Kingship and Sacrifice: Ritual and Society in Ancient Hawaii

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University of Chicago Press, Jun 15, 1985 - Religion - 446 pages
Valeri presents an overview of Hawaiian religious culture, in which hierarchies of social beings and their actions are mirrored by the cosmological hierarchy of the gods. As the sacrifice is performed, the worshipper is incorporated into the god of his class. Thus he draws on divine power to sustain the social order of which his action is a part, and in which his own place is determined by the degree of his resemblance to his god. The key to Hawaiian society—and a central focus for Valeri—is the complex and encompassing sacrificial ritual that is the responsibility of the king, for it displays in concrete actions all the concepts of pre-Western Hawaiian society. By interpreting and understanding this ritual cycle, Valeri contends, we can interpret all of Hawaiian religious culture.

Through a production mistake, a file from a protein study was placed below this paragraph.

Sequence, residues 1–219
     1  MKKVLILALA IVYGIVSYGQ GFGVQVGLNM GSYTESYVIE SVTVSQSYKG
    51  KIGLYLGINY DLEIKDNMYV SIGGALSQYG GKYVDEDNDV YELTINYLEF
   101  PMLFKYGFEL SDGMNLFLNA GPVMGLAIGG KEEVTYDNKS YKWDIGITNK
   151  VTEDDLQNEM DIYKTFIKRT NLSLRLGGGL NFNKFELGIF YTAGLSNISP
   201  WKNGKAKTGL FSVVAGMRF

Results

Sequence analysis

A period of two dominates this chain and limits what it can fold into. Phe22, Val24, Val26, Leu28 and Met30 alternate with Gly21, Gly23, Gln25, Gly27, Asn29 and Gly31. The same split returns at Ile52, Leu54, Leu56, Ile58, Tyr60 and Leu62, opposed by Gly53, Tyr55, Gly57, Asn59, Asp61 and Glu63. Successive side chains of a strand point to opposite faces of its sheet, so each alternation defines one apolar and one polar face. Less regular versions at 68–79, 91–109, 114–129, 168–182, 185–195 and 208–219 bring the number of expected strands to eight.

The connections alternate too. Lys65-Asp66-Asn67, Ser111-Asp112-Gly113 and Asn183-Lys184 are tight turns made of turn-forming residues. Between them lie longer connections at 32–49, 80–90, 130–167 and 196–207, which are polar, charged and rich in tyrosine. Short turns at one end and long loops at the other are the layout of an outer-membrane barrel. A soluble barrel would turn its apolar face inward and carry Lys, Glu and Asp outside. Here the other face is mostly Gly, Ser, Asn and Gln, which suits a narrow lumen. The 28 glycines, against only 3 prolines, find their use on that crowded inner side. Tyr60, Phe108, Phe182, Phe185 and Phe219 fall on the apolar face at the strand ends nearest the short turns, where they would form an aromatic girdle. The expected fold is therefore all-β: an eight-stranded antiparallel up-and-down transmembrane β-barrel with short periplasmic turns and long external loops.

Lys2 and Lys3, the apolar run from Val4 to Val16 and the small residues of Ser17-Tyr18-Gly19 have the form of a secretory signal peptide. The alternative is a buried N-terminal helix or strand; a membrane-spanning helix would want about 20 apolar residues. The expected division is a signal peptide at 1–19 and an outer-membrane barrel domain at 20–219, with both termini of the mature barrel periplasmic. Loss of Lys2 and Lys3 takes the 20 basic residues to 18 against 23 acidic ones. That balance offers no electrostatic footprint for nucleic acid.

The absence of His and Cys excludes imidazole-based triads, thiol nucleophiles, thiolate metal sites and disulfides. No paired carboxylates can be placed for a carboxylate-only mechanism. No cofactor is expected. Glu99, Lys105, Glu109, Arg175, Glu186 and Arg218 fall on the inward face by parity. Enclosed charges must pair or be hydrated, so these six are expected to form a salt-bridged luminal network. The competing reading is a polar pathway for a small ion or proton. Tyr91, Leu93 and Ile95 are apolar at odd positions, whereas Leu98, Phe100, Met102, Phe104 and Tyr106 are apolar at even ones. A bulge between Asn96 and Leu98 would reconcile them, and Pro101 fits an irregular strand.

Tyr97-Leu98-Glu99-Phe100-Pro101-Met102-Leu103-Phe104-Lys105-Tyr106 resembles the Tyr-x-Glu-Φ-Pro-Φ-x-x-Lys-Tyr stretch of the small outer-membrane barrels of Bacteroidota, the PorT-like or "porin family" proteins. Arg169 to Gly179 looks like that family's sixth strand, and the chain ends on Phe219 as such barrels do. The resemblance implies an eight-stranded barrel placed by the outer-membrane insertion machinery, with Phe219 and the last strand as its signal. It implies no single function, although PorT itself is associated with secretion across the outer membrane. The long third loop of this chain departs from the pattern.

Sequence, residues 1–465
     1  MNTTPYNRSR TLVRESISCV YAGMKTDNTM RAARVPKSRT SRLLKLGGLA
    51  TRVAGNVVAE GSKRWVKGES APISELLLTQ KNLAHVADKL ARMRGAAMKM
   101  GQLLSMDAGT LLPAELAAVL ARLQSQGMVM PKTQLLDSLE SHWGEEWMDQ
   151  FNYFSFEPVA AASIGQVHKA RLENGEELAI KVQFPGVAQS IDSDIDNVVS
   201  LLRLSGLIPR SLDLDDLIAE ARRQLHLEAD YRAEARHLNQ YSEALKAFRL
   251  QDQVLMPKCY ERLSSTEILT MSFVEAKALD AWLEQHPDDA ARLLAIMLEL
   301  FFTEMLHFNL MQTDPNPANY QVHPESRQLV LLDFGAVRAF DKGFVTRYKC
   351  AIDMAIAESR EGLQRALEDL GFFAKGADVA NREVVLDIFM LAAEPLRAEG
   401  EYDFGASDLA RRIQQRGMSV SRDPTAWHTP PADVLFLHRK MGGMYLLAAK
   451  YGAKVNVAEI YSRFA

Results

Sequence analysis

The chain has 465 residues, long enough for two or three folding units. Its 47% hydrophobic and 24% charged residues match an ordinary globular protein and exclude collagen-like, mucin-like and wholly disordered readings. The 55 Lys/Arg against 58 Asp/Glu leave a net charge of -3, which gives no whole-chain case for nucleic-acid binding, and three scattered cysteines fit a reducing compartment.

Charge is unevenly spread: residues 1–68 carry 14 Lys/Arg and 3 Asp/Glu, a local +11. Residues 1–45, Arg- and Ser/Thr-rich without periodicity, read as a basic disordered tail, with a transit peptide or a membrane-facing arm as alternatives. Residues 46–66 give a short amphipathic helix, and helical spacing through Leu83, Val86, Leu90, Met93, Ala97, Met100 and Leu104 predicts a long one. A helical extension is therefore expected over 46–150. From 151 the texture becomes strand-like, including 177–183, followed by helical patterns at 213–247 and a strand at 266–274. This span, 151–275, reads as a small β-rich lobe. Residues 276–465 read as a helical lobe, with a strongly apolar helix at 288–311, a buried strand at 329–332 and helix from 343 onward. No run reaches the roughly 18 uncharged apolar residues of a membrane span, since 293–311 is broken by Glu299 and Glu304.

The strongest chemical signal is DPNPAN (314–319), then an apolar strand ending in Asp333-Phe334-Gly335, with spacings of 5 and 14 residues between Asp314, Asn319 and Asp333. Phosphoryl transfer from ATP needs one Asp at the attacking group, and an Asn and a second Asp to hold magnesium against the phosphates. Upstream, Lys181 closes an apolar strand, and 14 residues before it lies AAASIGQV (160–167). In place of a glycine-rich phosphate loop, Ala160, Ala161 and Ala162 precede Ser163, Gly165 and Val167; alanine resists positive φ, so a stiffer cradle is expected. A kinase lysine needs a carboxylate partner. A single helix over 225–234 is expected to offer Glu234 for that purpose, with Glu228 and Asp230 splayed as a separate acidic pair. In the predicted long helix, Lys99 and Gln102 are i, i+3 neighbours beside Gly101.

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Contents

Summary of Hawaiian Theology
3
The Elements of Sacrifice
37
Gods and Humans
84
The Hierarchy of Sacrifices
109
Sacrifice and Kingship
130
The Hierarchy of Temples
172
The Sacrifice of the Hawaiian King
189
The Makahiki Festival
200
The Luakini Temple Ritual
234
Conclusion
340
Notes
349
Glossary
405
Index
437
Copyright

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About the author (1985)

Valerio Valeri (1944-98) was an Italian anthropologist and professor of anthropology at the University of Chicago. He is the author of several books, including Kingship and Sacrifice: Ritual and Society in Ancient Hawaii, published by the University of Chicago Press.

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